Hjorth Farm, at 163 Hjorth Road Toolern Vale is significant as a substantial, evocative, and rare example of early intensive farming in the Shire, as a result of the Selection Acts, and the skills of Danish immigrant Anders Hjorth. Although the house and outbuildings have been demolished, the stone wall dam, terraces and other evidence of the irrigation system constitute significant evidence of an unusual, creative and well-known farm in the district.
Hjorth Farm, at 163 Hjorth Road Toolern Vale is aesthetically significant at a local level (AHC D2). It includes a unique example of an early sedimentary stone dam in the Shire; it is also a unique example in the Shire of a dam used for horticultural purposes. Erected single-handedly across a gully over several years, the reservoir is a solid structure with a vertical wall several metres high, of mortared sedimentary stone and brick, founded on solid stone, and holding a wide earth wall which is also a track. Although subject to minor repairs in terms of introduced brickwork and mortar, the dam has a high degree of intergrity.
Hjorth Farm, at 163 Hjorth Road Toolern Vale is historically significant at a local level (AHC A4, B2). It is demonstrative both of the important part played by Selection Acts in enabling labourers to access small farms, and of the intensive farming skills of a European immigrant to make a success of a small farm in land of generally low production value. Through his interest and skills in intensive farming Hjorth was able to transform a small acreage of the 'barren scrubby ranges' beside the Djerriwarrh Creek into a successful dairy and horticultural farm. The property is of historical interest for its demonstration of some of Hjorth's innovative adaptation of European small farming traditions to unpromising local country, sometimes in the face of scepticism by neighbours. His irrigated terraces enabled him to grow a good selection of fruit trees, and provided quantitites of lush green feed and vegetables, as well as preventing soil loss in wet weather. He also built a cow shed, and experimented with grasses suitable to the dry climate of Australia. Anders Hjorth lived to a great age, and was a noteworthy person in the Melton community in his time. A son, Ralph Hjorth MP represented the local area in the Victorian Parliament.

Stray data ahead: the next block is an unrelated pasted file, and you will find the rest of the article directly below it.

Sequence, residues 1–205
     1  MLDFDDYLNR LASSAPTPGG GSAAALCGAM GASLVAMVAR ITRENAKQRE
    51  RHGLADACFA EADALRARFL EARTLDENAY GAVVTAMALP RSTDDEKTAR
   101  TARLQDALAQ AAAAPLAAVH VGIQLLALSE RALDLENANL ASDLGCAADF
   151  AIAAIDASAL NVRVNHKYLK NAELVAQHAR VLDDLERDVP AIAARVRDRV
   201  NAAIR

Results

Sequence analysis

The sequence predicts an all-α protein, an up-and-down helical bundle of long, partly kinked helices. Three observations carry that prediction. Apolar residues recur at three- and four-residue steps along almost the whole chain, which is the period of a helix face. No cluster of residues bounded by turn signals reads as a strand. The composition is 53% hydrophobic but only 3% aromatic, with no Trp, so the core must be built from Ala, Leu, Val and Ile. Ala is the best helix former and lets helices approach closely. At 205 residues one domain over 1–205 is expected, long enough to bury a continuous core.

Hjorth Farm, at 163 Hjorth Road Toolern Vale is scientifically significant at a local level (AHC C2). It has at least two sets of terraces, with low sedimentary stone walls, upon which is the remnant of an orchard. Agricultural pipes, landforms and other evidence also remain from Hjorth irrigation system. These, and the remnant landforms and other detritus have the potential to contribute new information to our understanding of early farming in Melton Shire, especially in relation to the adaptation of European traditions to local conditions. Similarly, any evidence of the butter cellar would have potential to contribute to this understanding.
Hjorth Farm, at 163 Hjorth Road Toolern Vale is socially significant at a local level (AHC G1). It was identified as a place of local heritage significance in Community Forum held as part of this heritage study. Anders Hjorth is of continuing significance to the the Melton community as a consequence of his historical memoir: 'Recollections of Melton 1861-1867', through which a great deal of the early history of Melton is known today.
Overall, Hjorth Farm, at 163 Hjorth Road Toolern Vale is of LOCAL heritage significance.